The Pennsylvania speech is the first of several steps Mr. Biden is taking in the coming weeks to detail an expanded economic agenda, beyond what he proposed in the primaries. Mr. Biden will specifically propose a $300 billion increase in government spending on research and development of technologies like electric vehicles and 5G cellular networks, as well as directing an additional $400 billion in federal procurement spending to products that are manufactured in the United States.
Mr. Biden’s campaign is rallying top surrogates in key battleground states to amplify and showcase his economic message on Friday: Senator Amy Klobuchar of Minnesota will hold a round table aimed at Arizona voters, Senators Tammy Duckworth and Tammy Baldwin will do one for Wisconsin, Governor Gretchen Whitmer of Michigan will headline one for her state and Senator Sherrod Brown of Ohio will hold one for his state.
Aides also said that Mr. Biden, the former vice president, would propose additional deficit spending next year to help the economy recover from the recession caused by the pandemic, building on the more than $3 trillion in new borrowing that Congress and Mr. Trump have already approved amid the crisis.
Mr. Biden has thus far proposed to offset the entirety of his spending plans with nearly $4 trillion in tax increases, largely by reversing some of Mr. Trump’s signature tax cuts for high earners and otherwise raising taxes on the wealthy and corporations. Aides said he would do the same with his procurement and research plans.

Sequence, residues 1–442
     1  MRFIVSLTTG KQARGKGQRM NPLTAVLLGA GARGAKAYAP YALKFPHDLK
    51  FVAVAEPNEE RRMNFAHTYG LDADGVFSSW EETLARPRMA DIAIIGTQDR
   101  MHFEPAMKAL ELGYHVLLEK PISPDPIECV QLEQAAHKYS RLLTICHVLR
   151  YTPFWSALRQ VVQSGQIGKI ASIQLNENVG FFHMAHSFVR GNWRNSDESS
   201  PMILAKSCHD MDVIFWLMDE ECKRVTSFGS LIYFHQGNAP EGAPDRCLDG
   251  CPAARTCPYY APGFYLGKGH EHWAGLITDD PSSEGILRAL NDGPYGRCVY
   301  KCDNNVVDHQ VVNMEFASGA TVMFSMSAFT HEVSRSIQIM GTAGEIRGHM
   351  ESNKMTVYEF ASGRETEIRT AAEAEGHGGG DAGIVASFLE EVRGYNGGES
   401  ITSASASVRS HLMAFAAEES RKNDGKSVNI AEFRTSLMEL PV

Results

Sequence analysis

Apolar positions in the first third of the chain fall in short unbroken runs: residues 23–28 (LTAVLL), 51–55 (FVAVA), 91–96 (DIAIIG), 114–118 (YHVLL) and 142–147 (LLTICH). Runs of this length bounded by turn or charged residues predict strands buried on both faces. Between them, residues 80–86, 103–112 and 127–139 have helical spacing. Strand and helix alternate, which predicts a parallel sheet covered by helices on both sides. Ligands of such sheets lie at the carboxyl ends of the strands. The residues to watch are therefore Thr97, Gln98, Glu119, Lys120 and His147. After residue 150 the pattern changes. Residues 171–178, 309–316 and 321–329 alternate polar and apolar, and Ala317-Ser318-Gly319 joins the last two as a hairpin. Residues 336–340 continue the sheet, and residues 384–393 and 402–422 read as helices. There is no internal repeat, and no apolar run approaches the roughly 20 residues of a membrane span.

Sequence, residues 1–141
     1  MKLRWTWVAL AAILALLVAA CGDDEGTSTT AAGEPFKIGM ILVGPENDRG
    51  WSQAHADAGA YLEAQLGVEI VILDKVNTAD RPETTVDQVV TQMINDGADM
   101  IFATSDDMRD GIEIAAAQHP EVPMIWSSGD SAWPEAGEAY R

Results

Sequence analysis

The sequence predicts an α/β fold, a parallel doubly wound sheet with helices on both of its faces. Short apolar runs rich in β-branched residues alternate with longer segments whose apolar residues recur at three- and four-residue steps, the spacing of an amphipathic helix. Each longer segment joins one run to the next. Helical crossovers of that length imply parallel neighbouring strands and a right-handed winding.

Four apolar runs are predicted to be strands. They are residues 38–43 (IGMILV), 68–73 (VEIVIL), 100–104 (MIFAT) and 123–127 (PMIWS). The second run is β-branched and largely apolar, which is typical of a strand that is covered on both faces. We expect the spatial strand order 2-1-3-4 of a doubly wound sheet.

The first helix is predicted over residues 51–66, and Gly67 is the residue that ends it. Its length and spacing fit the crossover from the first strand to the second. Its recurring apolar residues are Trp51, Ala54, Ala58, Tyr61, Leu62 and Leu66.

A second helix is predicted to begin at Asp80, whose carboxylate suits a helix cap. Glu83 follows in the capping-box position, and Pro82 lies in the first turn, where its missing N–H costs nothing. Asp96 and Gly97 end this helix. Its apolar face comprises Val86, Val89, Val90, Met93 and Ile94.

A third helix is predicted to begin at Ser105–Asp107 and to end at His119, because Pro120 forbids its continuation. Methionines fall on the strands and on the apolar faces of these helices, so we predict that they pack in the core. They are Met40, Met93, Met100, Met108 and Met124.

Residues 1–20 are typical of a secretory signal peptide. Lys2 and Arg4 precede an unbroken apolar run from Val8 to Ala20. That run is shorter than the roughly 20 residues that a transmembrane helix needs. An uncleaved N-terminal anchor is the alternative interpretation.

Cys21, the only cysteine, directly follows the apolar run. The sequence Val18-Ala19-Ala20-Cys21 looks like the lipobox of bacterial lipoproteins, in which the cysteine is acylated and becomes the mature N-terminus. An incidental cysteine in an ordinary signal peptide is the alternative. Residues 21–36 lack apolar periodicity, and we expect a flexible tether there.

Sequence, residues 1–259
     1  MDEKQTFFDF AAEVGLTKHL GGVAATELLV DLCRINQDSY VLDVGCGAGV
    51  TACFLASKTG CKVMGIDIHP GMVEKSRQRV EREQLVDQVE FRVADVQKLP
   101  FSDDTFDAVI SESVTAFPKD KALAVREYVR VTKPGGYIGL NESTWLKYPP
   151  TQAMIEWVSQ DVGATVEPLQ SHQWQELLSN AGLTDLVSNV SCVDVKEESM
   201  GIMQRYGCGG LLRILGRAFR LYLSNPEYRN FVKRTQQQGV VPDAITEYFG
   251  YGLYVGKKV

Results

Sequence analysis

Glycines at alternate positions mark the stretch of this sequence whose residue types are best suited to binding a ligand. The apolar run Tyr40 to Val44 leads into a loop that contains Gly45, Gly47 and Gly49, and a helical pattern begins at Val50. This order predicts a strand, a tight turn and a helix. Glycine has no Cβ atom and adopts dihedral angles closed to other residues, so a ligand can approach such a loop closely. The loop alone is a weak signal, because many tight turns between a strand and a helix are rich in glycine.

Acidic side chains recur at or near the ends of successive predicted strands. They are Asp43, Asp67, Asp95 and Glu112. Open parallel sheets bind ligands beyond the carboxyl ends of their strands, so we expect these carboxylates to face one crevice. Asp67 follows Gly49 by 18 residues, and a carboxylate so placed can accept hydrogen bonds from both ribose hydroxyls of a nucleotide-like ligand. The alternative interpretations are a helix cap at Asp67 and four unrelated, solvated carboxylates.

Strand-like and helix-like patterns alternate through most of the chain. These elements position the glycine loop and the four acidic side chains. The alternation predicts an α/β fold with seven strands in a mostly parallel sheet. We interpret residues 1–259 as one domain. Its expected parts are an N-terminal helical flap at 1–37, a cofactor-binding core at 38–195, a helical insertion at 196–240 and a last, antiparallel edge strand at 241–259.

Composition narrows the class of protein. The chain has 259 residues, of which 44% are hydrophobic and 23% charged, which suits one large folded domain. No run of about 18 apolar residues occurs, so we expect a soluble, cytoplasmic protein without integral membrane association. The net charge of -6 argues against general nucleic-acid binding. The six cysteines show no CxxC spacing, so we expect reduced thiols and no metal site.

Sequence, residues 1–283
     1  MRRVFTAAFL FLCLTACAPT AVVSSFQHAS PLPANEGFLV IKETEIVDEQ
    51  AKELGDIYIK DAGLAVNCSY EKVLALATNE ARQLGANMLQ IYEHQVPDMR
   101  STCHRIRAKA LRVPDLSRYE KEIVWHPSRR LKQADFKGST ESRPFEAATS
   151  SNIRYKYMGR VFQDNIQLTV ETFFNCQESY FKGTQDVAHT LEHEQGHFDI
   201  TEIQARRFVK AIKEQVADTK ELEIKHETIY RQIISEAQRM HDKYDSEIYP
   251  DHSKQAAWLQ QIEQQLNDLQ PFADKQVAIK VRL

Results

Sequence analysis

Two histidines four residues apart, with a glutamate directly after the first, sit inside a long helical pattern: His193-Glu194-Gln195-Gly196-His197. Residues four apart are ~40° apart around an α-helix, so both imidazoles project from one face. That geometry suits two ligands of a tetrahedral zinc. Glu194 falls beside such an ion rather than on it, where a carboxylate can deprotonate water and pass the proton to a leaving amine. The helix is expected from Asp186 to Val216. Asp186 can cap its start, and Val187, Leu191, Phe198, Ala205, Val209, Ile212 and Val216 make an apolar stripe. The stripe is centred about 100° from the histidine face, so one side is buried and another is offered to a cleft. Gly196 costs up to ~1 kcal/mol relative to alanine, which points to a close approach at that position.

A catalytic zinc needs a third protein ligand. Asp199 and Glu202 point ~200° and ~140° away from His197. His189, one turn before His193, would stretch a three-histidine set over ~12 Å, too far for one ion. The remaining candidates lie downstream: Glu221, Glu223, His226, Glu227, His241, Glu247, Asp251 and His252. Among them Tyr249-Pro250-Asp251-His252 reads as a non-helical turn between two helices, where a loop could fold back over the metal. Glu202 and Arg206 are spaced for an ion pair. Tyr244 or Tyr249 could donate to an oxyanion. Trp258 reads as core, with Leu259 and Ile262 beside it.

Mr. Biden proposed the smallest amount of new federal spending among the major Democratic contenders during the presidential primary race, and his plan, despite its new spending, remains far less expensive than those proposed by his former rivals, like Mr. Sanders of Vermont and Senator Elizabeth Warren of Massachusetts.
Senior Biden officials repeatedly emphasized that their new plans were “bold” in a conference call late on Wednesday. Mr. Biden has sought to straddle the line on economic policy and elsewhere between his moderate political instincts and a progressive wing of the party that lined up in the primaries behind candidates, like Mr. Sanders and Ms. Warren, who promised sweeping and systemic change.
Earlier on Wednesday, a Biden-Sanders “unity task force” published 110 pages of platform recommendations, including plans on the economy. Its recommendations included more sweeping proposals than Mr. Biden has embraced in the campaign, including a New Deal-style federal jobs program to use government funds to put Americans to work on infrastructure and other projects. The recommendations also included a so-called baby bonds proposal that would seek to reduce wealth disparities between Black and white Americans by giving every child in the country a government-funded savings account.
Mr. Biden is planning four rollouts ahead of the Democratic National Convention in August on his plans to “mobilize the American people” for challenges in a future Biden administration. The speech on Thursday is the first in the series.
The next three, according to a campaign document, will be on “modern infrastructure and an equitable, clean energy future,” then a plan “to build a 21st-century caregiving and education work force” followed by a plan “to advance racial equity in America.”